- Which theoretical frameworks and evolutionary mechanisms enable adequate explanations on language evolution (natural selection, drift, systems theory, the Baldwin and ratchet effect, co-evolutionary theories, dual inheritance theories) 

(4) Ethical issues in social primatology and human ethology 

- Policy and guidelines on (human) primate studies in the wild, under captivity, or under experimental conditions 
- Animal rights (e.g. if non-human primates have ToM, do we need to attribute them legal rights, does the concept of 'legal person' apply to non-human primates) 
- The role and responsibility of researchers 

Much more than provide a platform for the dissemination of new research results, the conference organizers will give preference to reflexive talks that deal with theoretical, methodological and ethical issues of primate research and ethology, and how the latter fields provide insight into human language evolution.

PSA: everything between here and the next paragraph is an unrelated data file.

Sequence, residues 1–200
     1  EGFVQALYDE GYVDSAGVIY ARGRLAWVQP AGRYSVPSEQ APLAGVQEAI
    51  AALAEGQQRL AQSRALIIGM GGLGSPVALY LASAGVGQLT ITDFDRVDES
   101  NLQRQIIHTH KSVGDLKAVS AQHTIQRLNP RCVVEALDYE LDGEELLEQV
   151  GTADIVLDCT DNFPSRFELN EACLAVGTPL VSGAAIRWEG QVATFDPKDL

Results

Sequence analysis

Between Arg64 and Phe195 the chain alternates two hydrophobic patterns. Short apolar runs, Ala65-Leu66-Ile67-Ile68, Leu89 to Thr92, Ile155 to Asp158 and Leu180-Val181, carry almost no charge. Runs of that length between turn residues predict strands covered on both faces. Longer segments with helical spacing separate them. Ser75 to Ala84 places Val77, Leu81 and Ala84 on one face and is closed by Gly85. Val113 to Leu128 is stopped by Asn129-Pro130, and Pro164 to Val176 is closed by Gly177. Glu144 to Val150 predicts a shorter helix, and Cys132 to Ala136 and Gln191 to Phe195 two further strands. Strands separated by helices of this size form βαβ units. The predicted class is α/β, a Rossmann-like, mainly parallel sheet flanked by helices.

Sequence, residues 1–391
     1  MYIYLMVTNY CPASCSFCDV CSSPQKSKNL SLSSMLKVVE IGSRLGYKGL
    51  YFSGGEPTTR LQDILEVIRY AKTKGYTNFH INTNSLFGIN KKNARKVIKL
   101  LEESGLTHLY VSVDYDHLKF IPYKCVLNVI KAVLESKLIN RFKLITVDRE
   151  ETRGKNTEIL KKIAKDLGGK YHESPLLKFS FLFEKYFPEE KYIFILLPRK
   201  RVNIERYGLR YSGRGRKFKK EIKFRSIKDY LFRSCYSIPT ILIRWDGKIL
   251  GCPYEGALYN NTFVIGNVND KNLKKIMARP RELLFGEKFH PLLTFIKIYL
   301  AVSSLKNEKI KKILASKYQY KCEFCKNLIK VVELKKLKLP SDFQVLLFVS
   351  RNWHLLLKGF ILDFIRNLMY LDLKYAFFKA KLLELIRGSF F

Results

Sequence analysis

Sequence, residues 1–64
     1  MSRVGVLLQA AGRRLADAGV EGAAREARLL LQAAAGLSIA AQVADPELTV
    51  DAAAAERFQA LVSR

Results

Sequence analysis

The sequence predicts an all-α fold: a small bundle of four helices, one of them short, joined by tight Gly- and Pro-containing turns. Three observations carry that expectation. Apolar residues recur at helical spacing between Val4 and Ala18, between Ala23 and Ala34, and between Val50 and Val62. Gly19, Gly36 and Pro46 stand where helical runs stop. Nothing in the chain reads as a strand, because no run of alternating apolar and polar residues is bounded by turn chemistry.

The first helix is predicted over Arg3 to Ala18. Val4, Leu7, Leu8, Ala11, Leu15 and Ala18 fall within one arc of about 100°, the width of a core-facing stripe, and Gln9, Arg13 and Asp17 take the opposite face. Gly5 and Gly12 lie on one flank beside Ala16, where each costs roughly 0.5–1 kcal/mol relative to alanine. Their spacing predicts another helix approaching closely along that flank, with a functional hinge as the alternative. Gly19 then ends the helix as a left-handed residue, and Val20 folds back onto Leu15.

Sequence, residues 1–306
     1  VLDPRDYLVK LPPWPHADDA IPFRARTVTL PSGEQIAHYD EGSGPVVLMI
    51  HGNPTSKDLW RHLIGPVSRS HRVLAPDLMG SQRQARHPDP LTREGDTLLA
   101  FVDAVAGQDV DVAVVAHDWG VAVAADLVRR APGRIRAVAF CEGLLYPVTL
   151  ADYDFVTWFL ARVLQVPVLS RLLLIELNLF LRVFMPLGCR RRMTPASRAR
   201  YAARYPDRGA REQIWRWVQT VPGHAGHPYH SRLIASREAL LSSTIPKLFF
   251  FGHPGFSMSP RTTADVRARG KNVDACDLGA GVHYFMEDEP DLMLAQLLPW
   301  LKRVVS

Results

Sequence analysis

A selection of talks will be published in an anthology for the Springer Book Series 'Interdisciplinary Evolution Research'. Editors-in-chief of the series are Nathalie Gontier and Olga Pombo. 

Submission guidelines can be found at: 

Scientific Committee: 

Luc Faucher, UQAM, Candada 
Nathalie Gontier, Free University of Brussels, Belgium (chair) 
David Leavens, University of Sussex, UK 
Robert Lickliter, Florida International University, US 
Mark Nelissen, University of Antwerp, Belgium 
James Steele, University College London, UK 
Ian Tattersall, American Museum of Natural History, NY 
Natalie Uomini, University of Liverpool, UK 
Arie Verhagen, University of Leiden, the Netherlands

Monday, April 2, 2012

Evolang 2012 wrap-up

Nuestros amigos at Sintaxi de Butxaca have posted some very nice video interviews with many participants from Evolang 2012, and you can also find coverage at A Replicated Typo here (reaction to Boeckx), here (on Tamariz' poster), here (on Suzkuki, Sakai, & Adachi), here (on L2 learners affecting language change), here (reaction to Fisher), here (reaction to McCrohon), here (reaction to Smith), here (reaction to Piattelli-Palmarini), and even more here. Be sure to check it out!